Supporters of medical marijuana facilities in Benton Harbor will to have to wait a little longer to learn where they will be allowed in the city.
Benton Harbor planning commissioners initially said they wanted to have suggested changes to the city’s zoning ordinance ready in time for the City Commission’s first meeting in February, which is Monday.
But City Manager Darwin Watson said the earliest planning commissioners will consider the proposed changes is at their next regular meeting, which is at 1 p.m. Tuesday at City Hall, 200 E. Wall St.
He said Feb. 19 is the earliest city commissioners will receive the recommendations unless they call a special meeting.
“I’m disappointed, but we’ve got to do it right,” City Commissioner Juanita Henry, who is on the Planning Commission, said when contacted by telephone after the meeting.
The changes are needed because the medical marijuana ordinance city commissioners passed in December includes several definitions not in the city’s zoning ordinance.
“We’re going to look at quite a few changes to the ordinance as well as adjusting our zoning,” Henry said.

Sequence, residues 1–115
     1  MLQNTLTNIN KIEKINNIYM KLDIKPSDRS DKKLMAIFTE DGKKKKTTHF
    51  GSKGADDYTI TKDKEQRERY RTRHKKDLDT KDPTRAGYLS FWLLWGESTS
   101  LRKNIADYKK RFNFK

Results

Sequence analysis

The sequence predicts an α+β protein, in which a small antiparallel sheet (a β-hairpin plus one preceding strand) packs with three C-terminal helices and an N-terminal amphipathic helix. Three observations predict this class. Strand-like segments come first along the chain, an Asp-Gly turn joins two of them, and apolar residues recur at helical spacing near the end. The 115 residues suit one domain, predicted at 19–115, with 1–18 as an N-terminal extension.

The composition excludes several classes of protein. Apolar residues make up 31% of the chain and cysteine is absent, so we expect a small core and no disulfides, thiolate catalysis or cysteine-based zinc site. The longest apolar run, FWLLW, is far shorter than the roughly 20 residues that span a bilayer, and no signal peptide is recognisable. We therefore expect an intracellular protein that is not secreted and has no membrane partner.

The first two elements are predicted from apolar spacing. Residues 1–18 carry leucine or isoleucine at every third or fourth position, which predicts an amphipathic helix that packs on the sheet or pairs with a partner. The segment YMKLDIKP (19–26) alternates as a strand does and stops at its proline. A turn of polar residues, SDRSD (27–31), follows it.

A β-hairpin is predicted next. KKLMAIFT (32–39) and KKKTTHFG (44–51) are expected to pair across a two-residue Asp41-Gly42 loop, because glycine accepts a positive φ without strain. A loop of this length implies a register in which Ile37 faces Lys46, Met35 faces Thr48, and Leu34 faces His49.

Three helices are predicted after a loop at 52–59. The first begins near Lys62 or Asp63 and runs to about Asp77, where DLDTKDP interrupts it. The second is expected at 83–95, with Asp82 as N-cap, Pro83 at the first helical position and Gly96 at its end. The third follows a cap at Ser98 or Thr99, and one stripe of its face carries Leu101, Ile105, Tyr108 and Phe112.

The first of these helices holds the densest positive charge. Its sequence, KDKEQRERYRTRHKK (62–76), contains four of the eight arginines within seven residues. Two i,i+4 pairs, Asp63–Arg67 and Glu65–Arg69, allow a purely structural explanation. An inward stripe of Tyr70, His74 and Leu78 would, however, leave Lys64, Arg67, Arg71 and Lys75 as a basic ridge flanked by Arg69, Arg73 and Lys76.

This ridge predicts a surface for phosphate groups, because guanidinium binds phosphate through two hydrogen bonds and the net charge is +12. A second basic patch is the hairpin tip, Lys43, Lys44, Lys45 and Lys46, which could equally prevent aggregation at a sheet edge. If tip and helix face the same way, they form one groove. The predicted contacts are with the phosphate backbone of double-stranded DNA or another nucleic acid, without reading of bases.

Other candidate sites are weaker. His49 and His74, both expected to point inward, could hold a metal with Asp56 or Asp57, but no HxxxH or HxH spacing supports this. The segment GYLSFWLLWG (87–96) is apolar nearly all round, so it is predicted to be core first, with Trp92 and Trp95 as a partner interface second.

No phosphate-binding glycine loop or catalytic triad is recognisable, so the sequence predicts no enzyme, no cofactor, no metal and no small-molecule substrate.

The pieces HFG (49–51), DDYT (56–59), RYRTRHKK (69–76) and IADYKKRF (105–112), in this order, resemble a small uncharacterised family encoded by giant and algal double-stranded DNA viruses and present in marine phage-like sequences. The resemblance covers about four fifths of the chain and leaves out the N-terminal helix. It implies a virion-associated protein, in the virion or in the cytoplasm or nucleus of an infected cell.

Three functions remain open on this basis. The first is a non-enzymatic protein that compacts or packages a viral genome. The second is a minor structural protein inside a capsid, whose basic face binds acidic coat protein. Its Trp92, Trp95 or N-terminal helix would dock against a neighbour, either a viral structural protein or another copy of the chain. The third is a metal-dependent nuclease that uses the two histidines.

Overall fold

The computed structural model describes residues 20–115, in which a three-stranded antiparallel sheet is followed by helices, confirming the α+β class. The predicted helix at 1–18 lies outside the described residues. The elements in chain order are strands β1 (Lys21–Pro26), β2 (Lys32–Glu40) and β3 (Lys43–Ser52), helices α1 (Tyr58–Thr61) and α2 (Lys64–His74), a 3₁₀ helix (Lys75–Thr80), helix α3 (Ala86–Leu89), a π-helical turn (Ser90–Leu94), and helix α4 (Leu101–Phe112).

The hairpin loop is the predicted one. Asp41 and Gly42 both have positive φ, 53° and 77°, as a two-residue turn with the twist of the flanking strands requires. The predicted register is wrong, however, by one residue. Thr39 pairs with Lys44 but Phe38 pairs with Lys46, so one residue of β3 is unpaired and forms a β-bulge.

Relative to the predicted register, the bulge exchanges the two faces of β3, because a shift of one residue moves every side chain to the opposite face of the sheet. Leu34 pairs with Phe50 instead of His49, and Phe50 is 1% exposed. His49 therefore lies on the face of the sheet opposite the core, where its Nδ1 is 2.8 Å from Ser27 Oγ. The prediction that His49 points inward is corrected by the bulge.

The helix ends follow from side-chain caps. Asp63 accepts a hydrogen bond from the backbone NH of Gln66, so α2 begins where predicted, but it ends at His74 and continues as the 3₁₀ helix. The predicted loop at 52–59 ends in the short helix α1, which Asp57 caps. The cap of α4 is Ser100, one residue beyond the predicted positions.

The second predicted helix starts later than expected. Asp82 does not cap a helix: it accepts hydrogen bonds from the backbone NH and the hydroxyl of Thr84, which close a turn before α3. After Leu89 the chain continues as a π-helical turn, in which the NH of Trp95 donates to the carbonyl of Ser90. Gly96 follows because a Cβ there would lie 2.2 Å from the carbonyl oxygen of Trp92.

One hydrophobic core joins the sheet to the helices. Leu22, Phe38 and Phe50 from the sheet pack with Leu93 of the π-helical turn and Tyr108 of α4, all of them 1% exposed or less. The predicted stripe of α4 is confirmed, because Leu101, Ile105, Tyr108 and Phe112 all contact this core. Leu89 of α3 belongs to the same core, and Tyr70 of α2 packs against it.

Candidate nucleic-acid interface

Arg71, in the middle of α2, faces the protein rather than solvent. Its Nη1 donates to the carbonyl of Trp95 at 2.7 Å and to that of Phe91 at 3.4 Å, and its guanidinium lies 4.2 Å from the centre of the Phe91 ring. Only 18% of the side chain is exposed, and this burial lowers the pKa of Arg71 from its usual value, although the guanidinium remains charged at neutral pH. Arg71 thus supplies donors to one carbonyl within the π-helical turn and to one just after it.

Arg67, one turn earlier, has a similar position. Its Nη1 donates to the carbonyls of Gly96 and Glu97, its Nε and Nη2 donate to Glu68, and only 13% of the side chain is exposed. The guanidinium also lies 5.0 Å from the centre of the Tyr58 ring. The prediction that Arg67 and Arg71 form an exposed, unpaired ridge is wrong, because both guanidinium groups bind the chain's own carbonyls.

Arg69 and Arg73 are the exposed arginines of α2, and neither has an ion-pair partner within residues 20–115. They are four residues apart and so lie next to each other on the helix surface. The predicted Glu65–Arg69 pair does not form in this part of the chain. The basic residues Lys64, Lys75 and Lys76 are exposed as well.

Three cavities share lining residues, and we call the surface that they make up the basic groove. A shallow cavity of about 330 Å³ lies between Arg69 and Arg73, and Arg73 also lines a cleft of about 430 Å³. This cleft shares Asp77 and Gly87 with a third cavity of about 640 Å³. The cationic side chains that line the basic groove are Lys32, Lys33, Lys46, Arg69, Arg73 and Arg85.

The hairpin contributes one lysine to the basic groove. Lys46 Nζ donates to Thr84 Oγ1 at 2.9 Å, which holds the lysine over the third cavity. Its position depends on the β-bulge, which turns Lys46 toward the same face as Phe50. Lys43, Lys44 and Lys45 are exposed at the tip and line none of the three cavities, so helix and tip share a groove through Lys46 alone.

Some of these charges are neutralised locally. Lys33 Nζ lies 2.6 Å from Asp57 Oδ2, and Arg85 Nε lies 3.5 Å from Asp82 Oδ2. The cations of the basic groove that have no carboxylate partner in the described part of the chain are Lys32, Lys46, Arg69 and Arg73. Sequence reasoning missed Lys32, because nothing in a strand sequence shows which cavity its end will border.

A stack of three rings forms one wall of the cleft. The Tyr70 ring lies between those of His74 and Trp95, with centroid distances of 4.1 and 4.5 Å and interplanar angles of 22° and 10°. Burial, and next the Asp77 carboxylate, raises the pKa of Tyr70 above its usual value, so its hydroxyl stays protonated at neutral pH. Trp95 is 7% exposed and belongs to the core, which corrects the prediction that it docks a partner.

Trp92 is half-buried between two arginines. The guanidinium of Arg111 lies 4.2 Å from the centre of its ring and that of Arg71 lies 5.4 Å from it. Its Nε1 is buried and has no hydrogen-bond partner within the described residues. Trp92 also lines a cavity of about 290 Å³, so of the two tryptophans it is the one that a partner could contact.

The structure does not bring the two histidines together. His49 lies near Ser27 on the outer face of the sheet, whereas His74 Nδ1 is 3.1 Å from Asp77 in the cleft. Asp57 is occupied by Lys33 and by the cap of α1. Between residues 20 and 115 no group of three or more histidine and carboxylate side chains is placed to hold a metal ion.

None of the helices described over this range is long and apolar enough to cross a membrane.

The city’s ordinance allows 25 medical marijuana facilities, including 10 growers, seven processors, two provisioning centers, three secure transporters and three safety compliance facilities. Planning commissioners held public hearings Jan. 23 and 30 to hear input on where the five types of medical marijuana facilities should be located.
Rich Hensel, vice chairman of the Planning Commission, said planning commissioners can’t conduct business during public hearings.
“At our regular meeting, we will be able to look at what plan to recommend,” he said when contacted by phone after the meeting. “Hopefully, we will be able to come to a decision as a group.”
He said proposed changes to the city’s zoning ordinance will need to comply with state statutes and the city’s ordinance.
Building Official Ted Hanson is in charge of drafting the proposed changes for the planning commission, city officials said.
Planning Commissioner Emma Kinnard said she resigned at the Jan. 30 public hearing because she doesn’t want medical marijuana facilities in the city at all.
“It’s just not worth my time, wasting on something that I don’t think will benefit the city,” she said when reached by phone after the meeting. “… The streets are already filled with marijuana. We’re looking for something better for our youth.”
She said she will be at Tuesday’s Planning Commission meeting as a spectator, not a member.